The Clery Act requires federally-funded universities to annually gather and publicly publish all reported sexual violence which took place on or near campus. Each year, OSU releases its Clery data within the Annual Security and Fire Safety Report. The data reflects the reported crimes from the previous year. 

“It contains not only statistics, but also information about current policies, resources and education programs for students and employees at Oregon State University,” Tannenbaum said in an email. 

In addition to sexual assault, the report collects statistics on a wide array of crimes, including murder, hate crimes, robbery and motor vehicle theft. The general location of each crime is also recorded, falling into one of three categories: on-campus, on-campus student housing facility and noncampus. 

On-campus category encompasses any building or property controlled by OSU within the area of campus, including student facilities. The on-campus student housing facility category includes all student dwelling areas, such as student housing facilities and family housing located on campus. Noncampus locations are any building or property which is owned or controlled by a student organization that is officially recognized by OSU, including all fraternity and sorority housing.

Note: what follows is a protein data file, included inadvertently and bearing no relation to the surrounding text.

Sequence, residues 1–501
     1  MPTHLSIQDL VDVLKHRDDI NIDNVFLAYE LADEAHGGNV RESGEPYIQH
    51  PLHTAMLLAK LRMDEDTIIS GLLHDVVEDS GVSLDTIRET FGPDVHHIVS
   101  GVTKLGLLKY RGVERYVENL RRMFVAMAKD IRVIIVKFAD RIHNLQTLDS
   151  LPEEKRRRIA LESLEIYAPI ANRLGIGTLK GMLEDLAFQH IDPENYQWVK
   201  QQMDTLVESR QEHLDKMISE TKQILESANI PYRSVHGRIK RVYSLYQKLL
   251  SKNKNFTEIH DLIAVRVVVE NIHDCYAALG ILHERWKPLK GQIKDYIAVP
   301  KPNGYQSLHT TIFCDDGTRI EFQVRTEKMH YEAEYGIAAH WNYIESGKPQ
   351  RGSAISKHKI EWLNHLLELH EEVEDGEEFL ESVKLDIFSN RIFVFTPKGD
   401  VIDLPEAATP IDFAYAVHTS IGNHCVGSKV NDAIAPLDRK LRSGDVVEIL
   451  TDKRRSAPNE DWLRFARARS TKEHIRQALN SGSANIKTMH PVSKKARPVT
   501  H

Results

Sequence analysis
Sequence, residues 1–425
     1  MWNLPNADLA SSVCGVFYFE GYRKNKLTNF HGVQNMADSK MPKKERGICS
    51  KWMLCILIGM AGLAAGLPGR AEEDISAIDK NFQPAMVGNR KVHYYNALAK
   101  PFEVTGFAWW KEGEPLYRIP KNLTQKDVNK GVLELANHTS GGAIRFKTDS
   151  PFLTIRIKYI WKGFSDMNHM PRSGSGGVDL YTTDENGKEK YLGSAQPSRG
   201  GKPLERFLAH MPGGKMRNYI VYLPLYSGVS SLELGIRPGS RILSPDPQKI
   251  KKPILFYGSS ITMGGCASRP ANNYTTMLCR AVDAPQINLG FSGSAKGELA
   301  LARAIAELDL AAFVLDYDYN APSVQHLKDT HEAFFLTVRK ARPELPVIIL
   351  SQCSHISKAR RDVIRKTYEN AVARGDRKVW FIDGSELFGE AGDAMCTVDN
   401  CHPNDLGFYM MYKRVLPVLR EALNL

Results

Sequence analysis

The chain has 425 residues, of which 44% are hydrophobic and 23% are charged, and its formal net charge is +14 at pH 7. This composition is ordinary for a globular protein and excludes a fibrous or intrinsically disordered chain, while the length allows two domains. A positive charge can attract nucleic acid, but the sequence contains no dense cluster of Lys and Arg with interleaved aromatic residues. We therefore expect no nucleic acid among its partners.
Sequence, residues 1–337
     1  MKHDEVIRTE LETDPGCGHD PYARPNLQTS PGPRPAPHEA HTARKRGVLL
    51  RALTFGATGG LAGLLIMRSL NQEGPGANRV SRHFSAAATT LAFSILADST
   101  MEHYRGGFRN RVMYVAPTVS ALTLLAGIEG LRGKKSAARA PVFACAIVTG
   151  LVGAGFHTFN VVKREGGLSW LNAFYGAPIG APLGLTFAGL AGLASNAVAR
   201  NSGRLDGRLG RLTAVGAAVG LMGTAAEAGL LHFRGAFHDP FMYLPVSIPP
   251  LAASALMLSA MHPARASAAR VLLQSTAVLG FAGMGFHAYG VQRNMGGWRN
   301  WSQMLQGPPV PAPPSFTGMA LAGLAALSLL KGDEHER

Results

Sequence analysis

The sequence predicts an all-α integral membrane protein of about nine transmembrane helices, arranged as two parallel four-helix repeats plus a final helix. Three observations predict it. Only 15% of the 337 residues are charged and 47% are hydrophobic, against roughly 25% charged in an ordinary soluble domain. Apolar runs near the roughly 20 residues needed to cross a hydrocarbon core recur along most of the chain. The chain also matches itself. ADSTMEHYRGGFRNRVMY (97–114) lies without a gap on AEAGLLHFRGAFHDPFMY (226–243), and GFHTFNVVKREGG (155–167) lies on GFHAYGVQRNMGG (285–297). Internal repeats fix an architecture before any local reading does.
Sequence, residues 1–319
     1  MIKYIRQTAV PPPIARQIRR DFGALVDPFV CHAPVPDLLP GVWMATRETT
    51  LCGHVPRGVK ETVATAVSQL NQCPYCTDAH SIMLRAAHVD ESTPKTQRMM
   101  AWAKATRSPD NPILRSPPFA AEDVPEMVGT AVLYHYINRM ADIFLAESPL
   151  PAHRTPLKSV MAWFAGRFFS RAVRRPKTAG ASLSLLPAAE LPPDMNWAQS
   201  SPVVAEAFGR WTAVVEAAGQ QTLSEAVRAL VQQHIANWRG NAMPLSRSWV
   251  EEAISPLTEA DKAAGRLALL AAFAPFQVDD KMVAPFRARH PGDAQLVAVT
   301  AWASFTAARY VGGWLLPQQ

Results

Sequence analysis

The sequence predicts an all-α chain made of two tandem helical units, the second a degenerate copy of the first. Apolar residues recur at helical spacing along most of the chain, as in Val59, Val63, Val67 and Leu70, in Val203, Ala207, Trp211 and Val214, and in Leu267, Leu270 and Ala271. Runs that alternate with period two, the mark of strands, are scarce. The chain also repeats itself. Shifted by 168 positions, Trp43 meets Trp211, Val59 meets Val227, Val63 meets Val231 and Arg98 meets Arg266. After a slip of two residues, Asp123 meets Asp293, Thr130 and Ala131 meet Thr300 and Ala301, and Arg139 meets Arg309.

The data collected not only educates students, but also informs OSU security faculty of any changes in behavior which may affect the community, Tannenbaum said. 

“With that data, we consider and implement programs that can mitigate crimes and increase safety within the university’s campuses in Corvallis,” Tannenbaum said via email.